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Virtues and Their Vices$
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Kevin Timpe and Craig A. Boyd

Print publication date: 2014

Print ISBN-13: 9780199645541

Published to Oxford Scholarship Online: April 2014

DOI: 10.1093/acprof:oso/9780199645541.001.0001

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Pride and Humility: Tempering the Desire for Excellence

Pride and Humility: Tempering the Desire for Excellence

Chapter:
(p.245) 11 Pride and Humility: Tempering the Desire for Excellence
Source:
Virtues and Their Vices
Author(s):

Craig A. Boyd

Publisher:
Oxford University Press
DOI:10.1093/acprof:oso/9780199645541.003.0012

This chapter considers pride (or superbia) as the most significant of the capital vices and how the virtue of humility should correct this vice. Aristotle’s megalopsychos, the magnanimous man, represents a challenge to the Christian idea of humility since the megalopsychos seems to be self-sufficient in his desire for excellence. In contrast, the Christian idea of humility, as developed by, among others, Thomas Aquinas and Alasdair MacIntyre, is a virtue of acknowledged dependence wherein the desire for excellence is tempered by an appropriate restraint given the agent’s possession of right reason. Humility, as guided by right reason, enables an agent to desire what is appropriate for herself given the fact that she is neither completely self-sufficient nor without value.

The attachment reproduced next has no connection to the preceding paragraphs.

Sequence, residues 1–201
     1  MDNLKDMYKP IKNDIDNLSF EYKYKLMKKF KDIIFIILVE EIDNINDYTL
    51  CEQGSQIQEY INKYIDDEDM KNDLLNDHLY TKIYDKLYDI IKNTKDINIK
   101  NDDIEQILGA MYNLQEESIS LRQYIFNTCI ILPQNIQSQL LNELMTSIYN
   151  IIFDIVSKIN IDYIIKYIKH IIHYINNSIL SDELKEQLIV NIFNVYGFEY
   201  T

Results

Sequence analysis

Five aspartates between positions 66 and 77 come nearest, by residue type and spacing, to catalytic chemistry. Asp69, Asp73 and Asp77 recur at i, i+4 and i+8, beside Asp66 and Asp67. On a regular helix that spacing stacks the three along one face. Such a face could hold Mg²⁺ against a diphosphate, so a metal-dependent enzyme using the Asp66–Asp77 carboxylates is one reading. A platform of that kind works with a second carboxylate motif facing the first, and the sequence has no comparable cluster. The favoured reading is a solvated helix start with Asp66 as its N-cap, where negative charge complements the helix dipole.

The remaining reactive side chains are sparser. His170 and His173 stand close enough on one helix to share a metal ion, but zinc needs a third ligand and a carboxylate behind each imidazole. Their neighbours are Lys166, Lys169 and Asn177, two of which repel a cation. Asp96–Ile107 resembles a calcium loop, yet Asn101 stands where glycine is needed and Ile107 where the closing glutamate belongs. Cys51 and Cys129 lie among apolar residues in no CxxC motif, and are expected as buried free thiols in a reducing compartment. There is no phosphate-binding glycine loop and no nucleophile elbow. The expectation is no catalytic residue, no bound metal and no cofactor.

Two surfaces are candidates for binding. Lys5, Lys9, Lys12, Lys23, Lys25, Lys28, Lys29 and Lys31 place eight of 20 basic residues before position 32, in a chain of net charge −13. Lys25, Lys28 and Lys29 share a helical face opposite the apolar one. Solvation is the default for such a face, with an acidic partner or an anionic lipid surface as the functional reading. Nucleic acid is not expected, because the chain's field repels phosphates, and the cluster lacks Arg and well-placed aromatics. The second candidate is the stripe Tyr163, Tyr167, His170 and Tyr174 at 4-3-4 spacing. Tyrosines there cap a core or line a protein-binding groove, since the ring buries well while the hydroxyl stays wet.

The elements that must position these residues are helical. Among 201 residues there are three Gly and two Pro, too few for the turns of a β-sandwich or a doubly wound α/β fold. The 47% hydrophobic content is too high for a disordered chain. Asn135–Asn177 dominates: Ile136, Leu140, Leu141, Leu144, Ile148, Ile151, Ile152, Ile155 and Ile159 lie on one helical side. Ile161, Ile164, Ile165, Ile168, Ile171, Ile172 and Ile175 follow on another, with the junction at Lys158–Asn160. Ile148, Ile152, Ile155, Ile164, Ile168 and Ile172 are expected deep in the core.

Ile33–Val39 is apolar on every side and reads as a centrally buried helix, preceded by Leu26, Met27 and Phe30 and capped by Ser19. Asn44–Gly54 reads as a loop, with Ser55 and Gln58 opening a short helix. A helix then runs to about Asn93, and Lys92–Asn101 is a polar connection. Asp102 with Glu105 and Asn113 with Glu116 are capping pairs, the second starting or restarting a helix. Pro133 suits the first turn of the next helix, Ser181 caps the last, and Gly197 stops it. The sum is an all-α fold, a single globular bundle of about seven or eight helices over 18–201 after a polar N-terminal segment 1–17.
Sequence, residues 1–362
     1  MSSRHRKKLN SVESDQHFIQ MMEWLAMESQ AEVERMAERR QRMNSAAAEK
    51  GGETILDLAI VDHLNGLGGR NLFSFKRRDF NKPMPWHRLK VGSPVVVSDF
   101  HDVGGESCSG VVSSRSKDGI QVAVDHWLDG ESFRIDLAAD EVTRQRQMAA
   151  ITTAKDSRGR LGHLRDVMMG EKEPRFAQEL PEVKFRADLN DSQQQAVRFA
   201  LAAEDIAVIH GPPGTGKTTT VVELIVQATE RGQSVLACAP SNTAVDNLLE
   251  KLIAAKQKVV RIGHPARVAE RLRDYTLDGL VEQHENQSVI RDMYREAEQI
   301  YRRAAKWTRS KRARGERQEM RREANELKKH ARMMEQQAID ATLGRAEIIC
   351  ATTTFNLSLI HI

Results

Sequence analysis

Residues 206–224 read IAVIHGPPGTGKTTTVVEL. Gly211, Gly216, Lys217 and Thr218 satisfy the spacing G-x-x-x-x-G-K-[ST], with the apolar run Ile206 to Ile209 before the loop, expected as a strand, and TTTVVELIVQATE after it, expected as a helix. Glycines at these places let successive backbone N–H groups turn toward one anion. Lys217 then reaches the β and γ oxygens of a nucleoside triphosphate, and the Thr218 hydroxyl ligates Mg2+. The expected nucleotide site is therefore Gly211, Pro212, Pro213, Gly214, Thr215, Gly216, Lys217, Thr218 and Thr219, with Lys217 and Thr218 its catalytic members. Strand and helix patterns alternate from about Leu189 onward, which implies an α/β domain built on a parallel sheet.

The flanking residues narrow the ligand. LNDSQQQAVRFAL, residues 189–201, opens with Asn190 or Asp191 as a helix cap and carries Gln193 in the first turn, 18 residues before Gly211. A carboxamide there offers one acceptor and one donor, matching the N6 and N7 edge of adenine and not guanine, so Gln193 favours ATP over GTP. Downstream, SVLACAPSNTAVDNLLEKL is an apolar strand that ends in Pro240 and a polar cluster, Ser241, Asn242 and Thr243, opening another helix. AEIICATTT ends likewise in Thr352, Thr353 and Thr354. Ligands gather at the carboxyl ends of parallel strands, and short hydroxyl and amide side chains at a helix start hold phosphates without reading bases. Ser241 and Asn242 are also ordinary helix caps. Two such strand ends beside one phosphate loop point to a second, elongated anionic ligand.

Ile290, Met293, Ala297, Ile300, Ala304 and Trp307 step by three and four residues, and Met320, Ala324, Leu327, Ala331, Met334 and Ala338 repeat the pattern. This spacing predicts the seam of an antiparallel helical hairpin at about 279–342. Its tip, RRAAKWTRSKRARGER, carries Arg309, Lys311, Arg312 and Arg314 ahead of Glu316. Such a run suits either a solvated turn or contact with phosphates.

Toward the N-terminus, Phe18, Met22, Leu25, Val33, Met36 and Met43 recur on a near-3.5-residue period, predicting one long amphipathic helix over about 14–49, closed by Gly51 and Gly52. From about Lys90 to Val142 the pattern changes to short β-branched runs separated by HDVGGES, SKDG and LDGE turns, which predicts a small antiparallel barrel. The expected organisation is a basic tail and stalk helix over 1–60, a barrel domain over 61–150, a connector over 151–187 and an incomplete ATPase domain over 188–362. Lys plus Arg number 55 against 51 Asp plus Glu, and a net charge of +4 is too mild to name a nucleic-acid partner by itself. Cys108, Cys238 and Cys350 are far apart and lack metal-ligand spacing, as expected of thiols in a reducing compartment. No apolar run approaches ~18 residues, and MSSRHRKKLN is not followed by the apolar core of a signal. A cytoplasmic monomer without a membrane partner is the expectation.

Keywords:   pride, superbia, megalopsychos, humility, magnanimous, right reason

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